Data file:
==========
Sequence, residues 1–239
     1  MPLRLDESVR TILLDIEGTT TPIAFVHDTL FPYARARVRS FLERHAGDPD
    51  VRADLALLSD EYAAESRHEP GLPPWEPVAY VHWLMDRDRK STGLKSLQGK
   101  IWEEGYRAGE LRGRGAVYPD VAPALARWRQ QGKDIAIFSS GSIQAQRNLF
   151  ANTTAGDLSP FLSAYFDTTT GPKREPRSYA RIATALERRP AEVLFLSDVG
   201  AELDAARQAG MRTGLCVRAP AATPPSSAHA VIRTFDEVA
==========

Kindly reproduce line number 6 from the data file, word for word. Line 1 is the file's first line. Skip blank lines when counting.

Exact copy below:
   201  AELDAARQAG MRTGLCVRAP AATPPSSAHA VIRTFDEVA